IN 2007 my sister told me to shut up at the polling booth.
It was a fair call. I was literally jumping for joy - almost knocking over an elderly couple distributing how to vote cards - and my enthusiastic 19-year-old political opinions reverberated around the Carraragarmungee school hall.
Like the majority of voters that year, I voted for Kevin Rudd's Labor.
That night, at a music festival in Albury-Wodonga, Sydney rapper Ozi Batla told a jubilant crowd we had a new Prime Minister.
``But most importantly,'' he said, ``we don't have the old f---ing Prime Minister!''
This year, Mr Rudd is the old prime minister. But I don't get that sense of unbridled joy from Coalition voters that ran through the Kevin `07 campaign.
Rather it seems people are casting their vote for whichever party they think is the least worst option - Labor or Liberal.
I haven't met anyone who wholeheartedly supports all of the major parties policies - even candidates, privately, have missgivings about some.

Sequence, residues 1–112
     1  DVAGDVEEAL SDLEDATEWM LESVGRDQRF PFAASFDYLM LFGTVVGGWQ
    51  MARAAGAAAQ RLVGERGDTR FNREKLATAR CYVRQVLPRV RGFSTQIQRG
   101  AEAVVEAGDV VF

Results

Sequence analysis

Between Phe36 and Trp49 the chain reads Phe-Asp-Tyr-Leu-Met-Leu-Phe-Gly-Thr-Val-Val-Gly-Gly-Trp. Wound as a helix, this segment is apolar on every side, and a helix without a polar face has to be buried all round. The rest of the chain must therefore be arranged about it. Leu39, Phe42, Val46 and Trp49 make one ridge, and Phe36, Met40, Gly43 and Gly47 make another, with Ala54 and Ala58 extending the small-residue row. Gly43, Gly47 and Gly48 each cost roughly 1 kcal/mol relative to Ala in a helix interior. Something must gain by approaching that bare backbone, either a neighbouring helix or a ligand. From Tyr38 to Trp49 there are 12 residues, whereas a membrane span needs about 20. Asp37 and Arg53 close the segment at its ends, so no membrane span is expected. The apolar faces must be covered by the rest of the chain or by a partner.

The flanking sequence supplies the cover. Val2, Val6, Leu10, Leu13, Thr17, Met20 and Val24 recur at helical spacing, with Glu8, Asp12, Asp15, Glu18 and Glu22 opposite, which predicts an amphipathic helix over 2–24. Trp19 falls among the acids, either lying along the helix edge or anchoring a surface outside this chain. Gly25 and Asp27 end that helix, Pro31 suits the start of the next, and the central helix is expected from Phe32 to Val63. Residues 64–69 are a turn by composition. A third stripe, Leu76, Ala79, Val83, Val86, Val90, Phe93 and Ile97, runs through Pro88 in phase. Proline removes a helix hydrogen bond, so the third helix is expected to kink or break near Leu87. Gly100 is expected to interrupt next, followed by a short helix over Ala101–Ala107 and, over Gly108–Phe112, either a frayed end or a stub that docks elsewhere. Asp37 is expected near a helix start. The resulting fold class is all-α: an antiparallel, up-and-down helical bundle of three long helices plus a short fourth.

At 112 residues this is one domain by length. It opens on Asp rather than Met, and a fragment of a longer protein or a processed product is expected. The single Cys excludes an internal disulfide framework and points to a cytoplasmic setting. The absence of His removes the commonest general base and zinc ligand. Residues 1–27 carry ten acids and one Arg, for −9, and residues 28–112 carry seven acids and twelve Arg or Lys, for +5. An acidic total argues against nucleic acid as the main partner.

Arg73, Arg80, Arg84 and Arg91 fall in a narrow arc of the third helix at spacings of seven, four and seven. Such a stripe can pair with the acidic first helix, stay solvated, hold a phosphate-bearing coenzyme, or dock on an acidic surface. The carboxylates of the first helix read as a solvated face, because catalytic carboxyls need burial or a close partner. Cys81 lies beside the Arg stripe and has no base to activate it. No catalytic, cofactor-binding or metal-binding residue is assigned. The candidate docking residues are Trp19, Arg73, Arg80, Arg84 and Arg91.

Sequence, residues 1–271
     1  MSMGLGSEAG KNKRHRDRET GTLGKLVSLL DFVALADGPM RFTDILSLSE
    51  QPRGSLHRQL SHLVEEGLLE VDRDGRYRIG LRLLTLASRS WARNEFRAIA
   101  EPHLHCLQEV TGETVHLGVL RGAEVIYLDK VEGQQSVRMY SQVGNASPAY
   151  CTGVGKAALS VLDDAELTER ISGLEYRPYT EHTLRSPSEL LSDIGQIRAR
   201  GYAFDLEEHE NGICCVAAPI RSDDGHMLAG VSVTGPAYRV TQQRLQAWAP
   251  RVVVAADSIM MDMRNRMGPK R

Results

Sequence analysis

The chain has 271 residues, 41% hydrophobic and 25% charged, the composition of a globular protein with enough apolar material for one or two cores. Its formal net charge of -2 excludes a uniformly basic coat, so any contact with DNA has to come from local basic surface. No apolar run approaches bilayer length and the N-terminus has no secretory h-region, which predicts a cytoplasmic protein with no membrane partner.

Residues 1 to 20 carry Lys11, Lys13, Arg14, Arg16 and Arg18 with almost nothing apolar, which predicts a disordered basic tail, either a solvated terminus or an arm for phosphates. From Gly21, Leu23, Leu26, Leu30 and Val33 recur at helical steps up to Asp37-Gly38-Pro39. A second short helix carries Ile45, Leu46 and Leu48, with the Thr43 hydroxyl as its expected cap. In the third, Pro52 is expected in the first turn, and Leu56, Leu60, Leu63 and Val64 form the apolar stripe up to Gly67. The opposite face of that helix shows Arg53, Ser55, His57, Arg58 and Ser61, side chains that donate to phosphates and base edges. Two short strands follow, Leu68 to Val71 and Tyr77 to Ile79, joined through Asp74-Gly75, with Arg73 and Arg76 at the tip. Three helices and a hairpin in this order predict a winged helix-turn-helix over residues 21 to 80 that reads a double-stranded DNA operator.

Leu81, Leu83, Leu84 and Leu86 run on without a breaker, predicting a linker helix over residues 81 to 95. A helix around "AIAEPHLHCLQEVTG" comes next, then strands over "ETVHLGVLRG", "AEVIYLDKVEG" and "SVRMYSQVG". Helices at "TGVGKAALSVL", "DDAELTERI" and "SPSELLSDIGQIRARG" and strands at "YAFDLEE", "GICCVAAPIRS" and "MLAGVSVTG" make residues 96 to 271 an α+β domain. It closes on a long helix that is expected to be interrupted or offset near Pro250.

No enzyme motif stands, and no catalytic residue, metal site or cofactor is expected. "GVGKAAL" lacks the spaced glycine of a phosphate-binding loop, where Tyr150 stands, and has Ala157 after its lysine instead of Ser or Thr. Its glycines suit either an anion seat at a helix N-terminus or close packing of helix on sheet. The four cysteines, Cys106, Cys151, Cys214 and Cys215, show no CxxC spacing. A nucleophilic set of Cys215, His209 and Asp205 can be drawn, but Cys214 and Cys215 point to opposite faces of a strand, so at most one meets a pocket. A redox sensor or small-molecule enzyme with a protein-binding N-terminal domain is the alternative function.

It is, to borrow Mr Abbott's phrase, baddies vs baddies.
Three years of infighting, cheap slogans, cynical politicking and relentless negativity from both sides has made us a nation of disaffected voters.
We are too jaded to even look at the policies, which actually remain markedly different in most areas despite the reprehensible hand-holding to hell on asylum seekers.
The election narrative has been endless variations on the theme ``he sucks, vote for us''.
The Coalition in particular has focused most of its energies on what they're not going to do than what they will do, waiting until 48 hours before polling day to release crucial policy detail and make the dangerous switch from opposition party to alternative government.
Labor, meanwhile, has simultaneously tried to stand on its past achievements and pretend the past never existed, a double think the fractured party was unsurprisingly unable to maintain.
Determining our future government should be about what kind of country you want, not a winners and losers battle scored on who seems ``relatable' or how much of a bastard the other guy is.
Remember, we vote for parties, not Prime Ministers, and past experience shows it doesn't do to get too attached to the later.
If advocating your values and concerns means voting for a minor party or independent, go for it: the big players need to know when they are not measuring up.
We deserve better than populist policies driven by Rooty Hill focus groups, and we deserve to know what we are getting ourself into before voting one next to anybody's name.
Maybe it's age, experience, or increased sobriety that makes election 2013 a sorry comparison with 2007.
I wish I were excited about tomorrow. But either outcome fills me with dread.